Cladding is classified as part of the building trade by Australian building authorities. Because cladding alone is a non-structural part of a building, a builder's licence is only required if your cladding installer is also doing structural work on a house or other habitable structure.
NSW Fair Trading governs building and building-related trades in New South Wales. A tradesperson who installs cladding as their principle occupation will probably hold a Carpentry licence. This authorises them to perform a variety of tasks, including external and internal timber or stone veneer cladding. A carpenter is not authorised to install brick or other structural cladding.
The Victorian Building Authority (VBA) governs building and building-related trades in this state. The VBA equivalent to a trade licence is registration. Building work exceeding $10000 in value must be carried out by a Registered Building Practitioner (RBP). Most cladding professionals will hold a Domestic Builder - Limited (DB-L) registration card. If their speciality is external cladding, their card will have the further code letter "I" (DB-L-I). If they install internal plasterboard cladding, they will probably hold a DB-L-Q card. The "Q" code letter stands for "Sundry Works." This registration is only required if the tradesperson is carrying out more than one type of job listed under the Sundry Works designation.
The Queensland Building and Construction Commission (QBCC) issues trade licences in Queensland. A trade licence is required for domestic building work that costs in excess of $3300 (labour and materials). A cladding professional in Queensland will probably hold Builder - Low Rise licence or a licence restricted to Roof and Wall Cladding. If the person installing the cladding is doing so on behalf of a company, they will need to hold a Nominee Supervisor's licence.
In South Australia, the Consumer and Business Services (CBS) branch of the Attorney General's office issues building trade licences. "Building" in SA is considered any kind of building-related work. Any building tradesperson you enter into a contract with will need to hold a contractor's licence. Anyone installing cladding at your premises, including a contractor, must hold a supervisor's licence.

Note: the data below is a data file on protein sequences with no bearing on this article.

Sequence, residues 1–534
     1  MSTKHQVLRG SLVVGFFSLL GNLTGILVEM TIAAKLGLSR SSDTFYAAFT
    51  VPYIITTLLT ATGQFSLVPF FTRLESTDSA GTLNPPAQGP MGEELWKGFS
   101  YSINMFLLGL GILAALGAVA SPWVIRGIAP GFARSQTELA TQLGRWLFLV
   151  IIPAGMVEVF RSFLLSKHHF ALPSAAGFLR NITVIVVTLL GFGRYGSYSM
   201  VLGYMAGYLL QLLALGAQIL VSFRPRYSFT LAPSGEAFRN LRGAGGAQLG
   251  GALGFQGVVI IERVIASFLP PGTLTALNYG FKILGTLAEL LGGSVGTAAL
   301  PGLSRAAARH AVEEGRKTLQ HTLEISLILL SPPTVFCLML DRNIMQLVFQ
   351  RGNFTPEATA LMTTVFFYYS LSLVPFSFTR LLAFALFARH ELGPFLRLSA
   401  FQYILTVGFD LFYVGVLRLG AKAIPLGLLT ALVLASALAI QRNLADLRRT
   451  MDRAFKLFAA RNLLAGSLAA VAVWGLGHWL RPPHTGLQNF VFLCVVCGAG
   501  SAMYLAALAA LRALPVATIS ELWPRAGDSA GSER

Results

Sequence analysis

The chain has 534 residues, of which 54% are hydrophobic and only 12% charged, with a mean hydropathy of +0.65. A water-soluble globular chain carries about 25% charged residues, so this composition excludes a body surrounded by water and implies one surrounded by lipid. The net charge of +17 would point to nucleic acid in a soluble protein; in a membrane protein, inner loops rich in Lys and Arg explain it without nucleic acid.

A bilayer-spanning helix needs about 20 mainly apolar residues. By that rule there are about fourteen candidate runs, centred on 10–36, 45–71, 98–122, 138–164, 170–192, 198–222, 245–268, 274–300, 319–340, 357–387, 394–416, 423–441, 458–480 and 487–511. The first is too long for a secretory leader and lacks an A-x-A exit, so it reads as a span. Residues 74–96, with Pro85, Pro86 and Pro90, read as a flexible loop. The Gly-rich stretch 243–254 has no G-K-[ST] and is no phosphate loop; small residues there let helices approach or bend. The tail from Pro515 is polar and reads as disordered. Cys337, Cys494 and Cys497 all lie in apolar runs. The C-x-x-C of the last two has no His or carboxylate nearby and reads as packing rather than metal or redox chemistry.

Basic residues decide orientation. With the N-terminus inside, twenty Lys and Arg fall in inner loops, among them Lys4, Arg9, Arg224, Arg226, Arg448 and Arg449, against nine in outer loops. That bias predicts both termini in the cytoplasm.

In WA, building work in excess of $20,000 in value must be carried out by licensed builders. Cladding alone may not cost that much, so a licence may not be required. However, if the cladding is done as part of a larger project such as a home extension, the person or crew who does the cladding will have to be supervised by a licensed builder. If yours is a smaller cladding job, choose only a reputable cladding expert who carries insurance.
The Department of Justice issues Building Practitioner registrations in Tasmania. A registered Building Practitioner is the equivalent to a registered builder in other states. A Low Rise Practitioner is restricted to buildings 2 storeys or less. This type of registration suffices for most residential cladding jobs. You will require a building permit for most building or major renovation jobs in Tasmania. Regular inspections will be carried out, including an inspection of cladding that is part of the structural framework. A registered Building Practitioner will help ensure the job is done in accordance with Building Code Australia (BCA) standards and all practitioners in Tasmania must carry insurance.
The ACT Planning and Land Authority (ACTPLA) issues building-related trade licences in the ACT. ACTPlA issues four classes of builder's licences. Class A and B licences are needed for medium to high rise structural building work, while Class C and Class D licenses are more restricted:
Cladding alone is non-structural in nature, so a Class D licence may suffice if you are having your house re-clad only. If they are also doing some structural work, they will need to hold a Class C licence for most residential structures.
In the NT, a building licence is not needed for jobs that do not increase the floor space of a renovation or do not exceed $12,000 in value (labour and materials). If your cladding job is part of a larger building or renovation project, the work will have to be carried out or supervised by a Building Contractor. Your contractor will need to hold an Restricted licence if your residence is two storeys or less in height. In some NT counties, a Home Improvement licence is required by the local council. Check with your council to find out if this applies in your area.